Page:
11.08.2017 change 11.08.2017

Life in liquid methane on Titan? Why not!

Photo: Fotolia Photo: Fotolia

A few years ago, astrobiologists came up with the idea how, at least theoretically, life could appear in the methane lakes on Titan, Saturn\'s moon. It has now been discovered that there is acrylonitrile on Titan, a compound that could be of great assistance in creating such a strange life.

Maybe life does not have to have a familiar form? What if somewhere in the Universe life has appeared in an environment where there is neither liquid water nor oxygen? Astrobiologists do not ignore any clues that could lead them to a trace of unknown organisms.

Titan - the largest moon of Saturn - triggers their imagination. This body is blue even larger than Mercury. Titan has an atmosphere, denser than Earth\'s atmosphere. On top of that there are liquid lakes on the surface of satellite. It\'s a pity that they are filled with liquid methane and ethane ... At the temperature of approx. 180 degrees Celsius.

But not all researchers are discouraged from looking for traces of life there. In 2015, James Stevenson and colleagues conducted a simulation to find out whether life could exist in such conditions. And as it turned out - there is a small chance (http://advances.sciencemag.org/content/1/1/e1400067/tab-article-info).

AZOTOSOMES - POTENTIAL CELL MEMBRANES

For that, there would have to be compounds in the lakes of methane that would act as cell membranes and separate the precise cellular chemical machinery from the environment. Under earth conditions liposomes perform this function. These are phospholipid bubbles that are not permeable to water. Membranes of our cells are built of them.

But in the lakes of liquid methane cell membranes would have to work quite differently. They would have to be built of azotosomes - membranes that would be stable in liquid methane. Acrylonitrile would be a great candidate for an azotosome. But it was unknown whether the substance was present at Titan.

Recent research conducted by Maureen Palmer and colleagues, published last Friday in Science Advances (http://advances.sciencemag.org/content/3/7/e1700022), dispels doubts - acrylonitrile is indeed present in Titan\'s atmosphere. There is enough of this substance on Titan so that it could dissolve in methane lakes and - at least in theory - form... millions of cell membranes per cubic centimetre. And that\'s really a lot.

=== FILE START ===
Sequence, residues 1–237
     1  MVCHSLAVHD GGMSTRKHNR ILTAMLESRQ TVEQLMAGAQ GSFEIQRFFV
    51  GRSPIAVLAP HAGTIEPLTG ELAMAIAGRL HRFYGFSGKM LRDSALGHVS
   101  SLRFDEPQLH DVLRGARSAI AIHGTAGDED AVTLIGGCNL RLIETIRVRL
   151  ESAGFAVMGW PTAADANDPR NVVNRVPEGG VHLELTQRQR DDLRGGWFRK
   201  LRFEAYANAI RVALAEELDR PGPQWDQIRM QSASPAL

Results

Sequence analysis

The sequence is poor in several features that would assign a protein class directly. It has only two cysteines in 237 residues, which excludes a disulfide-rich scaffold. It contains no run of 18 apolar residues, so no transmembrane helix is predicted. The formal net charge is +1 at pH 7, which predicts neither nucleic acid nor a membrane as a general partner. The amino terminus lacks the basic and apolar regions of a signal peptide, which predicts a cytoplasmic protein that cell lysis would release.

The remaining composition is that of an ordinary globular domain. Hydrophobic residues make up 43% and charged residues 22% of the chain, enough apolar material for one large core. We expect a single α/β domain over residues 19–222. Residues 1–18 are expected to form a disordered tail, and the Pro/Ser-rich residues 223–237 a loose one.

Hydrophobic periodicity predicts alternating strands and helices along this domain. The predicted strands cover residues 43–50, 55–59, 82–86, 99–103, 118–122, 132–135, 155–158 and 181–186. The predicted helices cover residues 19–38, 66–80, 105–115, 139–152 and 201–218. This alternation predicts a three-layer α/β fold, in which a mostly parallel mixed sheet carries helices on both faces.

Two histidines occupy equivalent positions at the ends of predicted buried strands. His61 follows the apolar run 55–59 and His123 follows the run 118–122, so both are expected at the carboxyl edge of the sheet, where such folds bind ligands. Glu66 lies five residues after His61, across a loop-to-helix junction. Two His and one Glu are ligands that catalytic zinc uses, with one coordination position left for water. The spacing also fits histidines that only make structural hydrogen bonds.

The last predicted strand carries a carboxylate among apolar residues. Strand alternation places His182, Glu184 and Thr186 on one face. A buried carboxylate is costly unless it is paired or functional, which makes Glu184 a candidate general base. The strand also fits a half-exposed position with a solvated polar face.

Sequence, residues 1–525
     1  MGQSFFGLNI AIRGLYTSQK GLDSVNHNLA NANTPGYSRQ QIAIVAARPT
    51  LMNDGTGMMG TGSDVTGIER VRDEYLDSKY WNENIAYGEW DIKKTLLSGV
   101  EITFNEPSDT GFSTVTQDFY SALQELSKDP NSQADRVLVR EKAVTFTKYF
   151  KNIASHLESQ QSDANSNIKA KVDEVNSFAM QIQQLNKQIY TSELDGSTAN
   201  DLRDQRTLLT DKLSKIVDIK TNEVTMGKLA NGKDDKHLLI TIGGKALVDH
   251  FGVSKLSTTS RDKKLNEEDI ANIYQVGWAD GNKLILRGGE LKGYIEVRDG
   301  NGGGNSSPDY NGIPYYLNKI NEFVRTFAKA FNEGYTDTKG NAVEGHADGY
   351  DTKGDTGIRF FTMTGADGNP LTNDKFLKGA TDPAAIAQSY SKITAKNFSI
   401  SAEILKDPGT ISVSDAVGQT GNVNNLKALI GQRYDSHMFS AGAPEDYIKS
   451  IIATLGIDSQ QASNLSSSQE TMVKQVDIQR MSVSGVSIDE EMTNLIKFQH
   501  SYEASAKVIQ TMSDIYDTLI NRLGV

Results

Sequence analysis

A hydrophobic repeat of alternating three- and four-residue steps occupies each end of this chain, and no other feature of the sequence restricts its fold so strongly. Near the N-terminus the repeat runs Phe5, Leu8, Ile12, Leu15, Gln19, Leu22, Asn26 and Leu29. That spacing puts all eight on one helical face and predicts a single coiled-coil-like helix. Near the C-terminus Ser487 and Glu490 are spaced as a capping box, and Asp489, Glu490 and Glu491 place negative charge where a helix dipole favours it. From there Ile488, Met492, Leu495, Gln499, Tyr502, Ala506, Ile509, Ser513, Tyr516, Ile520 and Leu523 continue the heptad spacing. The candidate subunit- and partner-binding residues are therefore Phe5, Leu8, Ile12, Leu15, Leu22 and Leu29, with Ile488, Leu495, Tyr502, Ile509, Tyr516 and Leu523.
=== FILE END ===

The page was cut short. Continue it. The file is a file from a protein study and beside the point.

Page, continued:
Prof. Zbigniew Kisiel from the Institute of Physics, Polish Academy of Sciences in Warsaw was involved in the research project.

TOXIC PARTICLE - A SOURCE OF LIFE?

The researcher from the Institute of Physics PAS said in an interview with PAP that acrylonitrile does not quite look like a substance that would support life. "In Earth conditions it is a flammable, poisonous liquid" - explained Prof. Kisiel. Acrylonitrile is useful in the production of synthetic resins and plastics used in construction and automotive industry.

The molecules of this compound have a valuable property - they can polymerize and, under low temperature conditions, aggregate, creating a kind of membrane. "In addition, acrylonitrile can be formed as a result of a series of simple chemical reactions from nitrogen and methane, and these are the basic elements that form Titan\'s dense atmosphere" - explained Prof. Kisiel.

That was the reason why scientists were looking for this compound on Titan with such hope. Now it has been confirmed that acrylonitrile does exist on Titan.

IN THE NETWORK OF RADIOTELESCOPES

"Acrylonitrile was detected on Titan by the radio telescope network ALMA, the most powerful tool for astrophysical spectroscopy" - says Prof. Kisiel. He added that the network collects waves with characteristic frequencies from the selected part of the cosmos. "With radio telescopes we can measure the rotational spectra of gas molecules in distant objects" - said the physicist. He explained that from this data physicists can read the chemical "fingerprints" of molecules present in a given region of the universe.

But in order to know what has been detected, you have to have a database of such "fingerprints". Professor Kisiel, who deals with laboratory spectroscopy, carefully examined the acrylonitrile molecules and determined their properties. Thanks to his research, US researchers were able to find traces of this compound in the ALMA data.

"Earlier, scientists identified a brick that appeared to be optimal for the formation of azotosomes - potential cell membranes - on Titan. We have confirmed that the desired compound - acrylonitrile - indeed exists there, and there is quite a lot of it" - concluded Prof. Kisiel.

PAP - Science and Scholarship in Poland, Ludwika Tomala

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